“Madame la duchesse,” replied the abbe, “do not mix up spiritual things with worldly things; they are usually irreconcilable. In the first place, what is this matter?”

“You know that my daughter Sabine is dying of grief; Monsieur du Guenic has left her for Madame de Rochefide.”

“It is very dreadful, very serious; but you know what our dear Saint Francois de Sales says on that subject. Remember too how Madame Guyon complained of the lack of mysticism in the proofs of conjugal love; she would have been very willing to see her husband with a Madame de Rochefide.”

“Sabine is only too gentle; she is almost too completely a Christian wife; but she has not the slightest taste for mysticism.”

“Poor young woman!” said the abbe, maliciously. “What method will you take to remedy the evil?”

“I have committed the sin, my dear director, of thinking how to launch upon Madame de Rochefide a little man, very self-willed and full of the worst qualities, who will certainly induce her to dismiss my son-inlaw.”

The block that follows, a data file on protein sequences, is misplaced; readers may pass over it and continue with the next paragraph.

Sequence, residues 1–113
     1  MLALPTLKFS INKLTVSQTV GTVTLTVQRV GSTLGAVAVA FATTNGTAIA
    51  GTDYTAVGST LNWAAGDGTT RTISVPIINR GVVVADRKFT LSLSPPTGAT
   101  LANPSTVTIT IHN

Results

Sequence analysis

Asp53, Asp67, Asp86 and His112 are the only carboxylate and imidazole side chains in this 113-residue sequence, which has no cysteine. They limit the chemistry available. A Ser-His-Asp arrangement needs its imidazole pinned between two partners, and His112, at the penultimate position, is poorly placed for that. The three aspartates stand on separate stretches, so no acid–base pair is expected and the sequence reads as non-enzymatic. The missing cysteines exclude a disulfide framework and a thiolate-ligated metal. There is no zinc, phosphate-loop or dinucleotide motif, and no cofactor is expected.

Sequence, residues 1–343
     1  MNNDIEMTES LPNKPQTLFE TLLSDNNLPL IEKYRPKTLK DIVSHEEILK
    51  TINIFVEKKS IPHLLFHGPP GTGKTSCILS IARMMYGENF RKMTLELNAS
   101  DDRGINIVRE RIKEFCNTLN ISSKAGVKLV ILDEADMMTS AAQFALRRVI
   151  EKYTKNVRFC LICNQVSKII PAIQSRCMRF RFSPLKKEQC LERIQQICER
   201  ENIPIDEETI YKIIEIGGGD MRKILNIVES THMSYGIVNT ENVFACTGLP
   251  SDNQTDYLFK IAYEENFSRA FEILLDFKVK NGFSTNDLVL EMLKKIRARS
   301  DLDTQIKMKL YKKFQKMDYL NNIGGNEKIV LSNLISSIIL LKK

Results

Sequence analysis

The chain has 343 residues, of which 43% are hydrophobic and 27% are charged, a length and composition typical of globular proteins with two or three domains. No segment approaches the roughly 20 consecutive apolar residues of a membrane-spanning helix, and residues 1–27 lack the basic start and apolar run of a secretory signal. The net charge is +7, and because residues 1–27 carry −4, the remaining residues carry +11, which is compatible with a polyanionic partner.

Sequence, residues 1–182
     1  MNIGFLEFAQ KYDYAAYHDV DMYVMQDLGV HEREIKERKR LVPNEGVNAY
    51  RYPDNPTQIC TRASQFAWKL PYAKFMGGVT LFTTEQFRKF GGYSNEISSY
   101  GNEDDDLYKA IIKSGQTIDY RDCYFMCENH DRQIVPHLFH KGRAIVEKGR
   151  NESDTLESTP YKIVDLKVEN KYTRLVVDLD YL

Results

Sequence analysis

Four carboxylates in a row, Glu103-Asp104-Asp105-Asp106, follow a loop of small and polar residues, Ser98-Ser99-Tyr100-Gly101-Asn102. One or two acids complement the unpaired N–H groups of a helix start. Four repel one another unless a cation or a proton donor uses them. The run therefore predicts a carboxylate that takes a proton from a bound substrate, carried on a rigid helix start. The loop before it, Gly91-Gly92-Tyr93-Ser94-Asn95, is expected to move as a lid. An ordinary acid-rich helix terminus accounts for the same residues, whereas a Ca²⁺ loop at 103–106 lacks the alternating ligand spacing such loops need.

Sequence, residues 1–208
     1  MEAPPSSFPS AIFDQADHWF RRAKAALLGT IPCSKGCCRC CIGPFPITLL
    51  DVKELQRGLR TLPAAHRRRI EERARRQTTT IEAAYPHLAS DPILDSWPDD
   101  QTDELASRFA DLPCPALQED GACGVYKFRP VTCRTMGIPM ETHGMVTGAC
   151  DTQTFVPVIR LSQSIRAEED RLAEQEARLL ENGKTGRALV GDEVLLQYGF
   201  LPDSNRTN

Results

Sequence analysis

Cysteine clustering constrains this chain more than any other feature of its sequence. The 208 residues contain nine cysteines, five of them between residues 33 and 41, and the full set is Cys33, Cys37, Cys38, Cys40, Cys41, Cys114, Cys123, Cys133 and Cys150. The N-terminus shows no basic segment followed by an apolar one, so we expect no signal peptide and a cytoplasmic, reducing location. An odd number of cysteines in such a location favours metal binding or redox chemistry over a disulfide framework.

“My daughter,” replied the abbe, stroking his chin, “we are not now in the confessional; I am not obliged to make myself your judge. From the world’s point of view, I admit that the result would be decisive —”

“The means seem to me odious,” she said.

“Why? No doubt the duty of a Christian woman is to withdraw a sinning woman from an evil path, rather than push her along it; but when a woman has advanced upon that path as far as Madame de Rochefide, it is not the hand of man, but that of God, which recalls such a sinner; she needs a thunderbolt.”